“Rather than using a dedicated server that you own, maintain, and pay for regardless of demand, your workloads will share server infrastructure with other organizations’ computing needs. This allows the cloud-computing provider to optimize the hardware needs of its data centers, which means you’re not paying for idle infrastructure which results in lower operating costs.” — Webroot
Cloud services boost productivity
When your business computing is hosted in the cloud, all your data and applications are available at any time, from any location. Because of this, employees don’t have to be restricted to a desktop or limited to specific office hours to get things done.
Small businesses on a budget can rely on independent contractors and freelancers for various projects and tasks. And with the 24/7 accessibility of cloud services, businesses can leverage people from around the globe for remote work and collaboration. This widens your talent pool, can reduce the need for on-site employees, and lower operational needs and costs.
If your business involves retail sales or professional services, cloud hosting makes it possible for customers and clients to conduct transactions whenever they like, from any device.
Shoppers can place orders and ask questions, and clients can contact your live chat, FAQs, or tutorials on their schedule. Cloud hosting services can accommodate all the applications your business typically uses, so they can function around the clock to serve your company’s brand.
The cloud protects your data
Even with backups, data that’s held exclusively on local systems can be vulnerable to loss or cybercrime events such as hacking. A natural disaster such as a fire or flood could destroy local hardware and everything stored there, causing considerable losses.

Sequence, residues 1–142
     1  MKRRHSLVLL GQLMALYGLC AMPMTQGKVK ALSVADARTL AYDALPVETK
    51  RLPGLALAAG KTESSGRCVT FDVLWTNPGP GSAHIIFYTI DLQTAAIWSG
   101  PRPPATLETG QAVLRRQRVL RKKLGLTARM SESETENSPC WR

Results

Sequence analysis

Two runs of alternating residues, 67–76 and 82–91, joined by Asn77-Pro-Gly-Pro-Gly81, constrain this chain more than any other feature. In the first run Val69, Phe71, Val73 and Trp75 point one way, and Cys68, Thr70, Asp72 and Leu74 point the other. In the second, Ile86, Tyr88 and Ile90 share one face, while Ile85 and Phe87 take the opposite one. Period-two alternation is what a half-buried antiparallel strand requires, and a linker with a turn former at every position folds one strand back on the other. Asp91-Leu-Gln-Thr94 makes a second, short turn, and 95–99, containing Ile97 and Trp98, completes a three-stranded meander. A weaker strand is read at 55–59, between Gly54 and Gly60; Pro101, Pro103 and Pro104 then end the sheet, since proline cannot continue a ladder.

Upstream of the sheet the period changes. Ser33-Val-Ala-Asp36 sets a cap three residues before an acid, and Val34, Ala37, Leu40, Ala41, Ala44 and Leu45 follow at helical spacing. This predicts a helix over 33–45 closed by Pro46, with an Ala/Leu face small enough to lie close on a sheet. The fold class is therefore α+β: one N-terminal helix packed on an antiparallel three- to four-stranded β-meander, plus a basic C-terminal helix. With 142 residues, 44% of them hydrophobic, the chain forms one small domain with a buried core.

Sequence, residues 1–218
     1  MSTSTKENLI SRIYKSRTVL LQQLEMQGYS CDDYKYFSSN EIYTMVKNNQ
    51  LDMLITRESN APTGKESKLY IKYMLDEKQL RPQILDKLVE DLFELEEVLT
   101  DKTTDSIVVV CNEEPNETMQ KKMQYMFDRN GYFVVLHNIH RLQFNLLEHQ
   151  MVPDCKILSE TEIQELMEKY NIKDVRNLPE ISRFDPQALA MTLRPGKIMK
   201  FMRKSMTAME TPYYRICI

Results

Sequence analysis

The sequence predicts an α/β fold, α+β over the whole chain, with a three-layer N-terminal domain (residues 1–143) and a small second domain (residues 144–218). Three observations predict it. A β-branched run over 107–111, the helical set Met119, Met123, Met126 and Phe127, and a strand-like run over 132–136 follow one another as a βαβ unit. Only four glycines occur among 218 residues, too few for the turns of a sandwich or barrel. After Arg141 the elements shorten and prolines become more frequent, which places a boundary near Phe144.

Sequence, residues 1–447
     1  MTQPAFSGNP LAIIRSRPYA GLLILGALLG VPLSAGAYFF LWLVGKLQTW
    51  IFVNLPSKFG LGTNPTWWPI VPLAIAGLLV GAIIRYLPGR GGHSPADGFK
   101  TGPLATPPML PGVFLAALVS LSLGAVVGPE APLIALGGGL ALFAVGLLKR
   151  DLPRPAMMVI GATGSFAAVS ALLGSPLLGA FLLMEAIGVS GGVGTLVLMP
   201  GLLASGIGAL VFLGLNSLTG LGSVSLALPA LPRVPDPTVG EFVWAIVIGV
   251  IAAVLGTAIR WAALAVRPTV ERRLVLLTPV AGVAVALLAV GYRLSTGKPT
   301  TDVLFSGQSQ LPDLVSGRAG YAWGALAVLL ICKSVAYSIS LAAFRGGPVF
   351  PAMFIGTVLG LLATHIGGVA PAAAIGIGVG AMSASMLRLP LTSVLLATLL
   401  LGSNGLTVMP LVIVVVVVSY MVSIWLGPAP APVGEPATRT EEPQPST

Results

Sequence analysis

But data in the cloud is hosted on one or more of the provider’s servers, usually at multiple locations and backed up as part of the provider’s own commitment to keeping accounts secure.
In the event of a local crash or another event, you and your customers can still access your company’s data without interruption. Cloud storage also includes the host’s own security protocols, which also helps protect your data from costly losses and downtime.
Related Content: 7 ways to avoid ransomware in your business
The cloud saves energy and resources
Business computing can be energy intensive, accounting for a considerable part of a company’s outlay for energy and physical resources such as paper and ink. When data is hosted in the cloud, it saves the costs of running and maintaining local equipment and reduces waste. This makes cloud computing an eco-friendly alternative that reduces a company’s overall carbon footprint.
Whether you’re a small business on a budget or a corporation looking for efficient ways to manage complex operations, there’s a cloud that’s right for you — one with flexible, scalable plans to support your company’s computing needs for today, tomorrow, and beyond.
If you’re looking for cloud computing services in the Baltimore area, you can get more details here.